This Day in History: June 9th
This Day In History: June 9, 68
On June 9, 68 C.E., the 95 year reign of the Julio-Claudian dynasty came to an end, ushering in an era of unrest and civil war. One of Rome’s most ruthless and notorious leaders, who was responsible not only for the deaths of countless innocent subjects and Christians but also his own mother and two of his wives, committed suicide before his own troops could kill him.
Nero was born on December 15, 37 C.E., to Gnaeus Domitius Ahenobarbus and Agrippina. After Nero’s father died in 48 A.D., his mother Agrippina married her uncle, the emperor Claudius. Her powers of persuasion were obviously substantial, since Agrippina convinced Claudius to name Nero as his successor over his own son, Britannicus, and he threw in his daughter Octavia’s hand in marriage to boot.
When Claudius died in 54 C.E., most Romans thought it was with a little help from Agrippina. Nero dutifully appeared before the Senate to eulogize the late emperor, and to be recognized as the new ruler of Rome.
Agrippina tried to micro-manage every aspect of her son’s life, from the personal to the political. When Nero refused to succumb to his mother’s demands, she retaliated by supporting Britannicus as emperor. Strangely enough, Britannicus up and died the day before he officially reached adulthood. Everyone in Rome assumed Nero had poisoned Brit, but Nero insisted the kid had a seizure. Uh-huh.
His mother was still being a meddlesome pain in the butt, interfering with his various adulterous affairs, and he had her banished. He was having an affair with a woman he’d really fallen for and wanted to divorce Octavia – a decision his mom was very much opposed to. Even from a distance Agrippina’s harping was intolerable, so he had one of his flunkies bump the old girl off.
By all accounts, until 59 C.E. Nero was a decent and fair leader, if not the best son and step-brother. He lowered taxes, abolished capital punishment and supported the arts. His night-time shenanigans may have been a bit excessive and somewhat vulgar, but they were also basically harmless.
But after Agrippina’s murder, Nero became a heartless, ruthless tyrant. (I guess once you’ve offed your mom, everything else is small potatoes.) He divorced and then killed his wife Octavia, and married one of his mistresses (he eventually had her killed as well.) Any sort of criticism, real or perceived, could, and often would, be met with exile or execution.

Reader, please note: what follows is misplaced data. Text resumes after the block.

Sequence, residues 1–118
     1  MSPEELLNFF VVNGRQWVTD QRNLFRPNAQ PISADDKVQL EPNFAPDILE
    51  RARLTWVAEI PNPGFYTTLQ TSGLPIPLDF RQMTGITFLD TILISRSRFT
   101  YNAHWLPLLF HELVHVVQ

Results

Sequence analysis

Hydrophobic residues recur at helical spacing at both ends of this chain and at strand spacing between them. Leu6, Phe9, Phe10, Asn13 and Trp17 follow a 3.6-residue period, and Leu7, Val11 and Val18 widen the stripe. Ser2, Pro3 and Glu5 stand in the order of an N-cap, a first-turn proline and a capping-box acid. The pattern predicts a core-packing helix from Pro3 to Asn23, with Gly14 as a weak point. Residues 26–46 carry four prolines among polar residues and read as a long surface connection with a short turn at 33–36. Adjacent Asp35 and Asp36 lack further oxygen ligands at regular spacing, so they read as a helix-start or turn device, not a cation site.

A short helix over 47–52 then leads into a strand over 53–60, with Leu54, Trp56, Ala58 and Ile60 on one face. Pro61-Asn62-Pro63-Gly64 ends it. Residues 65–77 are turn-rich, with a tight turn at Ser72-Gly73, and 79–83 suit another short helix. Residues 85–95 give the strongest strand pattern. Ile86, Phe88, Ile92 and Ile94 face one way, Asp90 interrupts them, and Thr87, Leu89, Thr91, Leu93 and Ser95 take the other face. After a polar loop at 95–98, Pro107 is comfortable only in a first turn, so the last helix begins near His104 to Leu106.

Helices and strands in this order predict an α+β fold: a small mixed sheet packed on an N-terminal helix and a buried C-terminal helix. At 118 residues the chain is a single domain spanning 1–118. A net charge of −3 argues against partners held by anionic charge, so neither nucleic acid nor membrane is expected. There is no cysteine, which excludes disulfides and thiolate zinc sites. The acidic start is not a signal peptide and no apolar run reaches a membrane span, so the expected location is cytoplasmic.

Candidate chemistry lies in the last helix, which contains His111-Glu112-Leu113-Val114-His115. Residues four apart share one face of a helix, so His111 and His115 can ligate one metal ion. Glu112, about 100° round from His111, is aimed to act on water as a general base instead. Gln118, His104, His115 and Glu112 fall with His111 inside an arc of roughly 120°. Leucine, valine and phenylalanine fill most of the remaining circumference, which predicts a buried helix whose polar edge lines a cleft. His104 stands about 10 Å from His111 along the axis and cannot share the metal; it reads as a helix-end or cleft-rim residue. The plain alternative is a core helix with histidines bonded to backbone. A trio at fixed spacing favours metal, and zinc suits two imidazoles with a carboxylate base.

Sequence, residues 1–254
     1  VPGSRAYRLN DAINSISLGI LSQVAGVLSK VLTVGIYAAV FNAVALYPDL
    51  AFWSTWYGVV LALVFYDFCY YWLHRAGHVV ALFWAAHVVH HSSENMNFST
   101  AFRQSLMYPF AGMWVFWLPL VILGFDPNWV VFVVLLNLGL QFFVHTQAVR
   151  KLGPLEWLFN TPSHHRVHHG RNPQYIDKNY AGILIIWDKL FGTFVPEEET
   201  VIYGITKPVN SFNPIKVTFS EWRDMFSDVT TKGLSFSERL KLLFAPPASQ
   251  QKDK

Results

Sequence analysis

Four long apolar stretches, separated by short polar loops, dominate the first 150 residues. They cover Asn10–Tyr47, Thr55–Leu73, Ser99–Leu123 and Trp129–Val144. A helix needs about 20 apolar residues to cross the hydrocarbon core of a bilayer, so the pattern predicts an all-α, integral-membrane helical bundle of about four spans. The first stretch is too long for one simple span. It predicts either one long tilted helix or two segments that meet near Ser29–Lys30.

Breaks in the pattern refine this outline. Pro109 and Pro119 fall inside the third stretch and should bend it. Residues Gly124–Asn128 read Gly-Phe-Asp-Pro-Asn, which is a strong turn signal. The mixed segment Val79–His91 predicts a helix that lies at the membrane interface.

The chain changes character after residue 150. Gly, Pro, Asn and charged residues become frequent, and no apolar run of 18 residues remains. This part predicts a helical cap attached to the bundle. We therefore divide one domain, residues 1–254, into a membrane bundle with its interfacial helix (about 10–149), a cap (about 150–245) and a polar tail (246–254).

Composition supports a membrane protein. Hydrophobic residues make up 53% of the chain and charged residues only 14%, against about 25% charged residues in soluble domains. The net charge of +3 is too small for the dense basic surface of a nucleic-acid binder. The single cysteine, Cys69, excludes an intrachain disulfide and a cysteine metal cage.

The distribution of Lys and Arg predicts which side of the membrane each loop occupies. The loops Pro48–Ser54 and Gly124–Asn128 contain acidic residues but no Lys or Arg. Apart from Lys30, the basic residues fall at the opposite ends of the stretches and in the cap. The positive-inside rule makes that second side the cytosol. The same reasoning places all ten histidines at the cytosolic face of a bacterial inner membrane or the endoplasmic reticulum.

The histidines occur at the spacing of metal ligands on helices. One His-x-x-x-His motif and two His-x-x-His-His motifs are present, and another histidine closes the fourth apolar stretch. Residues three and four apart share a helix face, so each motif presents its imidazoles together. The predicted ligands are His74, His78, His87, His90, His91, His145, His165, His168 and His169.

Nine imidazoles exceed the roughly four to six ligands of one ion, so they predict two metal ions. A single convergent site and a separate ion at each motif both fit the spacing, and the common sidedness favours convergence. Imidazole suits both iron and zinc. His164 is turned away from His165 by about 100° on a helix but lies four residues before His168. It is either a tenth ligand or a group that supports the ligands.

To add to his scandalous behavior, Nero also began to perform publicly as a lyre player and a poet. We may think, “Wow. Right up there with matricide,” but in his time, a member of the ruling class behaving in such a way was absolutely unheard of, and perceived as the actions of a madman.
Then in July 64 C.E., the Great Fire raged for six days, destroying a contested portion of the city. (And no, Nero did not fiddle as it burned, as the fiddle wasn’t invented until the 11th century. Some believe the fiddle story may be another dig at Nero’s ill-advised public performances.) Although accidents do happen, many Roman citizens suspected Nero set the blaze to make room for the Domus Aurea, a villa he planned to build.
In any case a scapegoat had to be found, and Nero chose a new, underground cult called the Christians to shoulder the blame. Once accused, it was open season on the Christians, and the persecution was relentless and merciless. As punishment, they were thrown to the beasts in the circus, crucified, and set afire at night as lighting for Nero’s outdoor parties.
Nero hadn’t given up on his Domus Aurea, and intended to get it by any means possible. He sold political offices, stole money from the temples, raised taxes and devalued currency. When that wasn’t enough, he’d confiscate the property of those he suspected of treason. The people of Rome were fed up. A plot to overthrow Nero was devised in 65 C.E., but it was discovered and all the leaders were executed.
In March 68 C.E., Governor Gaius Julius Vindex rose in rebellion against Nero, and encouraged another governor, Servius Sulpicius Galba, to join him and declare himself emperor. While their forces were defeated initially, Nero’s own bodyguards ended up supporting Galba.
Nero understood when your own bodyguards are defecting to the enemy camp you’re in deep doo-doo, and beat feet. He planned to head east where he still had some support, but the officers that were still hanging around refused to take orders from him. He went back to the palace to find everyone had deserted him.
He heard that the Senate had condemned him to death by flogging, and figured he’d rather die by his own hand than suffer the indignity of death by butt-whipping. When it came down to doing the deed however, Nero faltered. He required the assistance of his secretary Epaphroditos, who helped him stab himself in the neck. As he died, Nero supposedly cried: “Qualis artifex pereo” (“What an artist dies in me!”) although how he spoke coherently with a knife in his neck is anyone’s guess.
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Quoting from the article: “Strangely enough, Britannicus up and died the day before he officially reached adulthood.”
He did not, however, reach adulthood, so the quoted sentence is illogical.
While the propriety of the odd phrase, “strangely enough,” could be debated, no valid case can be made for using the colloquial phrase, “up and died,” in a serious essay like this.
Here is the proper, simple, elegant way to express the thought intended by the author:
“Britannicus suddenly died the day before he would have officially reached adulthood.”